Climate change linked to 21,000 deaths in nine months

Jeremy Hance
November 30, 2010

Extreme weather events linked to climate change has caused the deaths of 21,000 people worldwide in the first nine months of 2010, according to Oxfam. This is already twice the casualties of 2009. In a new report More than ever: climate talks that work for those that need them most, the organization outlines the casualties of such weather-related disasters, for example devastating floods in Pakistan which killed 2,000 people and affected more than 20 million.

"This year has seen massive suffering and loss due to extreme weather disasters. This is likely to get worse as climate change tightens its grip. The human impacts of climate change in 2010 send a powerful reminder why progress in Cancun is more urgent than ever," report author Tim Gore said in a press release.

Officials from governments around the world are currently meeting in Cancun at this year's UN Climate Summit, however expectations are low for reaching an agreement.

Despite rising frustration with the international community's unwillingness to tackle climate change, Gore defends the UN as the best venue for such action: "[The UN] is the only forum where the world can decide on an effective global response to an unfolding global crisis. The UN process has helped to generate international pressure in the past few years. This has pushed countries to initiate their own domestic policy, set targets they otherwise would not have done, and start to address the adaptation needs of poor and vulnerable communities."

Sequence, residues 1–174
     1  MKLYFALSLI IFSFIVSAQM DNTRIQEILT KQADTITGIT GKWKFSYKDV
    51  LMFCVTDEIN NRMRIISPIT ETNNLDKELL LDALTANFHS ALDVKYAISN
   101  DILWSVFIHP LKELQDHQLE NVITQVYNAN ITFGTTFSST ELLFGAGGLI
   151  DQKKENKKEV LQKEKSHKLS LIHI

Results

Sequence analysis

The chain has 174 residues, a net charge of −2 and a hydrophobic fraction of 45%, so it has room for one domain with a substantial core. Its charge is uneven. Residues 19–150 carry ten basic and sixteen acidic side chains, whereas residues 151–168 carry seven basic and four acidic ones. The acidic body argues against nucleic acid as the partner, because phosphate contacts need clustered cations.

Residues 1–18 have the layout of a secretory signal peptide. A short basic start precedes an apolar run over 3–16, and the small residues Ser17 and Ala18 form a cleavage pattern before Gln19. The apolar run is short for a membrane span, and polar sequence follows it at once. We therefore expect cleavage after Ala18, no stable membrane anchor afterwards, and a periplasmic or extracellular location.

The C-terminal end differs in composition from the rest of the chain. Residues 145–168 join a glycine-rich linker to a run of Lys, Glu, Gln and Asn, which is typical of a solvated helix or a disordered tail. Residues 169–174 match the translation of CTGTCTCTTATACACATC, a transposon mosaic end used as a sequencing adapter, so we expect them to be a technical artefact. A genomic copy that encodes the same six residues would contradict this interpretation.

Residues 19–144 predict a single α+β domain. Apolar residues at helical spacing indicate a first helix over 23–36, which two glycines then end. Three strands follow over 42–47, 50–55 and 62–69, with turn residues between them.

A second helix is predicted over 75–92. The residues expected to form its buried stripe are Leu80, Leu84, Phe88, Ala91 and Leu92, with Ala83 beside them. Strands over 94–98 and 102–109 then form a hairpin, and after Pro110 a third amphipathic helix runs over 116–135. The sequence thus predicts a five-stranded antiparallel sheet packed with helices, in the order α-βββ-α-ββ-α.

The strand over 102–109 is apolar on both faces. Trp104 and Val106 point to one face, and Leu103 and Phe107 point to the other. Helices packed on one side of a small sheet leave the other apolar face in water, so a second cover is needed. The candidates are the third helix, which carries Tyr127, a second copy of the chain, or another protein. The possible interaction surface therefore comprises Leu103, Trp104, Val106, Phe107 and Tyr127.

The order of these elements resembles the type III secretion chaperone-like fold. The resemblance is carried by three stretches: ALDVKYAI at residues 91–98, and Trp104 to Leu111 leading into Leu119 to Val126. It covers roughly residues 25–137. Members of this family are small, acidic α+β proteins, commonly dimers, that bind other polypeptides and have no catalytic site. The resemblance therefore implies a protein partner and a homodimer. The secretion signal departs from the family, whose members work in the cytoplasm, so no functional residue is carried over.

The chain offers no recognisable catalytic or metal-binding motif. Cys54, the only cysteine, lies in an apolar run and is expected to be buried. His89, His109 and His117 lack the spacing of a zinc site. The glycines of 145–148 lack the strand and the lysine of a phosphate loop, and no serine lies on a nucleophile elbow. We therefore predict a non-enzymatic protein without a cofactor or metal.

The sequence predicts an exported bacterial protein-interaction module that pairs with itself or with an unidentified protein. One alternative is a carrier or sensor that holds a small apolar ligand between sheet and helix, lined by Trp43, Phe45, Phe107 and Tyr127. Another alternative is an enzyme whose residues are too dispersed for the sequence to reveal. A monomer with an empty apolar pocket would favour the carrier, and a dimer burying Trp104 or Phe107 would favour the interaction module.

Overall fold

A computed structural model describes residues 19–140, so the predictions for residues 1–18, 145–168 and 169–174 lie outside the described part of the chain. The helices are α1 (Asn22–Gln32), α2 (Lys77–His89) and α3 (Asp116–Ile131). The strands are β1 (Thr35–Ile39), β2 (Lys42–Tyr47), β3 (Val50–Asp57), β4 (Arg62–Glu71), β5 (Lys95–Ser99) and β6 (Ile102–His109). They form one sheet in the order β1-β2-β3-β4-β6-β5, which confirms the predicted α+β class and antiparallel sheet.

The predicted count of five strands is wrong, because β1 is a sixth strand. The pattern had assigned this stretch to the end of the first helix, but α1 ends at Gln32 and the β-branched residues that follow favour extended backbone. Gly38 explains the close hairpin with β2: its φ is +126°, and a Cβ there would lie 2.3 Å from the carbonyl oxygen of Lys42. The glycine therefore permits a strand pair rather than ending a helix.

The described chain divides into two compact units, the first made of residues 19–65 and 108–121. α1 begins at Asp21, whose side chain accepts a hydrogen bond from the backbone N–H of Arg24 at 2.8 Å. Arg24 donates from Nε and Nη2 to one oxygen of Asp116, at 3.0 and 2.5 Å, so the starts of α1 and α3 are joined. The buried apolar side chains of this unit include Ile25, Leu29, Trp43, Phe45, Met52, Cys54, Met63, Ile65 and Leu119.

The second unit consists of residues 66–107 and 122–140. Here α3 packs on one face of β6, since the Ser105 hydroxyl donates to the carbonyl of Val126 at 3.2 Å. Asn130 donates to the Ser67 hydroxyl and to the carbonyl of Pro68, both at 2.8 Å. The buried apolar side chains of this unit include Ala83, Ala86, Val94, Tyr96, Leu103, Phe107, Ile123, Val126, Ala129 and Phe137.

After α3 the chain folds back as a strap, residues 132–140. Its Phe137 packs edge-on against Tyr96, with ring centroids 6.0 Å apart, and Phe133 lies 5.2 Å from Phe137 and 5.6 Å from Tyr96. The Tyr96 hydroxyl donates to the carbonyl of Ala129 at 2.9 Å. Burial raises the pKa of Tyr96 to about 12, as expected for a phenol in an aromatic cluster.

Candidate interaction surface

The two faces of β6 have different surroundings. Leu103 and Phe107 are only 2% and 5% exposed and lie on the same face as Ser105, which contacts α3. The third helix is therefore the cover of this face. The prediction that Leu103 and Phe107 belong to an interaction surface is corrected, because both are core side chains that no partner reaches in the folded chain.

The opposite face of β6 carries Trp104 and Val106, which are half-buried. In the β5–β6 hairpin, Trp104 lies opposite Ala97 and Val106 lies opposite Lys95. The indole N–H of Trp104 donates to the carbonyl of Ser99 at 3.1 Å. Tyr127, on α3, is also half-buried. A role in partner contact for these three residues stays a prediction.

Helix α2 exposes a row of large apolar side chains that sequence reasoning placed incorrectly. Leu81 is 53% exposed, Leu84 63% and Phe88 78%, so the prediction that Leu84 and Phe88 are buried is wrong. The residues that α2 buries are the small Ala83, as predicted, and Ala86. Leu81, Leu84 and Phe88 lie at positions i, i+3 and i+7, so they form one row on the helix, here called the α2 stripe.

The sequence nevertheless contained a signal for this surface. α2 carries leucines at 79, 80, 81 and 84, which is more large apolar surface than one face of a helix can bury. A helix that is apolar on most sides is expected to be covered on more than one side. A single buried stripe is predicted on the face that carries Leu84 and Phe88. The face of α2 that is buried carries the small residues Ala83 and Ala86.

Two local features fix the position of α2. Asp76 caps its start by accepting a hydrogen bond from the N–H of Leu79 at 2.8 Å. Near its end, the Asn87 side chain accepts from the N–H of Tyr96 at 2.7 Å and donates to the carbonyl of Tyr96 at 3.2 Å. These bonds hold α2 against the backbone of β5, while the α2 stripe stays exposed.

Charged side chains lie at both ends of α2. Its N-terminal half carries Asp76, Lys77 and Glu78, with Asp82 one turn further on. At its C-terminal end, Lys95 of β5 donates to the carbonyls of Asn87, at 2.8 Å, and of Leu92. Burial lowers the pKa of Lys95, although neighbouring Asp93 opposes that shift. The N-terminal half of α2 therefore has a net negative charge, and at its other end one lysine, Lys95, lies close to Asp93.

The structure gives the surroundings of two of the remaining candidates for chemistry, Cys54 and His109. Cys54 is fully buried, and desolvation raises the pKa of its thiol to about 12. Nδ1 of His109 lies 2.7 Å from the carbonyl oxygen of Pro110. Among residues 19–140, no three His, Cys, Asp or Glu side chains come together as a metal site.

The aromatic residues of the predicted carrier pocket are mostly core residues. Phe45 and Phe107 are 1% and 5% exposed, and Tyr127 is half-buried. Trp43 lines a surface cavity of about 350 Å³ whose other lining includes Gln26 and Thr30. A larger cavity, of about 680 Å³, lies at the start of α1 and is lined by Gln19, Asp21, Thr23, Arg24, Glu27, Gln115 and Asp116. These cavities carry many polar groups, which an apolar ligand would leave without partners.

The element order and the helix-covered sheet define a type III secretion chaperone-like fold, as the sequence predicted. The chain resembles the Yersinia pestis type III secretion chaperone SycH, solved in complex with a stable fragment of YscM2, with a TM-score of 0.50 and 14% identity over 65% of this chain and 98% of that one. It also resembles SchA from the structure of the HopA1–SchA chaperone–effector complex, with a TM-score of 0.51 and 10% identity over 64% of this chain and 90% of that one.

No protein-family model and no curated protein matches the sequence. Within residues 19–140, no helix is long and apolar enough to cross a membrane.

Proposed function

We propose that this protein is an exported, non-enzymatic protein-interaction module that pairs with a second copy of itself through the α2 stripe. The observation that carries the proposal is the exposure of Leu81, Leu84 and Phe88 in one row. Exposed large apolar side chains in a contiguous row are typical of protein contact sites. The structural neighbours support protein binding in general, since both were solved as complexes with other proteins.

While a single weather event cannot be solely attributed to climate change, scientists have warned that a warming Earth will increase the number of severe weather occurrences and worsen the severity of such events. This year has produced a litany of severe weather-related events that were surprising in their ferocity: floods across the US, drought in the Amazon, monsoon rains in Southeast Asia, and a record-breaking heatwave in Russia. Given such disasters, both scientists and government officials are becoming less reticent this year in making the connection between severe weather and climate change.

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Jeremy Hance
mongabay.com (November 30, 2010).

Climate change linked to 21,000 deaths in nine months.